Boekgegevens
Titel: First English reading book: Engelsch leesboek voor instituten, gymnasiën en hoogere burgerscholen: met Nederlandsche woordenlijst
Auteur: Herrig, Ludwig
Uitgave: Arnhem: J. Voltelen, 1869 *
Auteursrechten: Zie auteursrechten
Citeerinstructie: Bijzondere Collecties van de Universiteit van Amsterdam, UBM: IWO 513 H 21
URL: https://schoolmuseum.uba.uva.nl/bookid/LCSM_204683
Onderwerp: Taal- en letterkunde naar afzonderlijke talen: Engelse taalkunde
Trefwoord: Leesvaardigheid, Engels, Leermiddelen (vorm)
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83
person. Another, under lord Leicester,
■was stationed at Tilbury Fort. The rest
were placed wherever it seemed most likely
that the Spaniards would attempt a land-
ing. But the chief support of the kingdom
was the vigour and prudence of the queen
herself, who, showing no alarm at the dan-
gers that threatened her, gave her orders
with decision, and omitted nothing that
could infuse courage into her people, and
increase the general security. She appear-
ed on horseback at the camp at Tilbury,
and, riding through the ranks, made so
animating a speech to the soldiers, that
every one felt roused to an enthusiastic at-
tachment to her person. Amongst other
things, she said to them. 'I know I have
but the body of a weak and feeble woman,
but I have the heart of a king, and of a
king of England too; and think foul scorn
that Parma or Spain, or any prince of
Europe, should dare to invade the borders
of my realms: to which, rather than any
dishonour shall grow by me, I myself will
take up arms: I myself will be your gene-
ral, judge, and rewarder of every one of
your virtues in the field.'
While these preparations were making
in England, the armada was on the point
of sailing, but was a little delayed by the
death of the admiral, whose place was
supplied by the duke of Medina Sidonia,
a man utterly inexperienced in sea affairs.
At length, on May 29, 4588, this mighty
armament issued from the mouth of the
Tagus; but a violent storm coming on the
next day, so many of the ships were dis-
abled, that it was obliged to return into
harbour to refit. It again sailed with or-
ders to proceed directly to the coast of
Flanders, thence to convey the duke of
Parma and his troops to the Thames. But
the ^anish admiral, learning from a fisher-
man that the English fleet was assembled
at Plymouth, ventured, in the hope of
annihilating it at one blow, to disobey his
orders, and made for that port.
The armada, as it approached the Lizard
Point, was descried by a Scotch pirate,
who was cruising in those seas, and he,
hoisting every sail, hastened to give notice
of the enemy's approach. Effingham had
just time to get out of port, wen he saw
the Invincible Armada coming full sail to-
wards him, in the form of a crescent, and
stretching over a distance of seven miles.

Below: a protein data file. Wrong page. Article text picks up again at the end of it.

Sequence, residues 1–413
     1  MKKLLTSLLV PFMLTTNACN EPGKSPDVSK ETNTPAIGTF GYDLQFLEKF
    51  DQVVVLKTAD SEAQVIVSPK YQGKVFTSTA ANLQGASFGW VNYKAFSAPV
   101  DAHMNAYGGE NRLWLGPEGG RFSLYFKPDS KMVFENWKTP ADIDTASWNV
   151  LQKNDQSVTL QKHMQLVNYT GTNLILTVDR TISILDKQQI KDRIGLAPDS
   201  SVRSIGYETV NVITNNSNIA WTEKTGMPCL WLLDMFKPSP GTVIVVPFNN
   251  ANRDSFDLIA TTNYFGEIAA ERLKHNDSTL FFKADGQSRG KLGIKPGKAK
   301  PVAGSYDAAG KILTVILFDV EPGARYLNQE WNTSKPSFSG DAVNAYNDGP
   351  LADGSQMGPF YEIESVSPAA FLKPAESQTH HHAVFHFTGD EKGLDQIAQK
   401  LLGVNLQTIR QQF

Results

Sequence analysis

He soon perceived how heavily the Spanish
ships sailed, and that they were very ill-
built and unmanageable; and his confidence
in his own little fleet became much streng-
thened. He was at first fearful of advan-
cing too near, least the weight of the Spa-
nish ships should run down his own. But
he soon saw that their bulk was an advan-
tage to him, as presenting a larger broad-
side for his guns to act upon, and their
cannons were placed so high that they shot
over the heads of the English. A huge
ship from Biscay, laden with money, took
fire, and another large vessel sprung her
mast; and these two, falling behind the
rest, were taken by sir Francis Brake.
The armada, however, still sailed heavily
up the Channel; and the English vessels,
many of them fitted out by private indivi-
duals, poured forth from evei^ port, and
joined lord Effingham, who followed in the
rear of the Spaniards, and took many of
the stragglers. At last the enemy cast
anchor off Calais, in expectation of being
there joined by the duke of Parma. Ef
fingham now filled with combustibles eight
of his smaller vessels, and sent them into
the midst of the enemy, who, fearful of
being set on fire by them, cut their cables,
and dispersed themselves in the greatest
alarm. During this confusion the English
fell upon them, and took twelve of theii-
ships.
The duke of Parma, on seeing these dis-
asters of the armada, and the superiority
which the English had gained, refused to
hazard his army by sea; and the duke de
Medina, finding his fleet nearly disabled,
while the English had only lost one small
vessel, thought it best to return homewards.
The winds being contrary, obliged him to
sail to the north, to make the circuit of
Scotland; but the English still pursued,
and, had not their ammunition fallen short,
would probably have taken every ship.
The tempestuous weather, however, nearly
completed the destruction of this vast ar-
mament. Many of the remaining ships,
after beating about at the mercy of the
winds, were wrecked on the coasts of Ire-
land and Scotland; and those Spaniards
who lived to return home gave their coun-
trymen such formidable accounts of the
bravery of the English, and the tremen-
dous dangers of their coasts, as effectually
repressed all inclination to attempt another
invasion.
Although Elizabeth preserved the inter-
nal tranquillity of the kingdom unbroken
during the whole of her long reign, yet
the perpetual warfare she carried on witli
Philip, together with the occasional assist-
ance she gave to the Protestants in France,
kept up a military spirit among her sub-
jects. She chose her admirals far mor,»
fortunately and more judiciously than she
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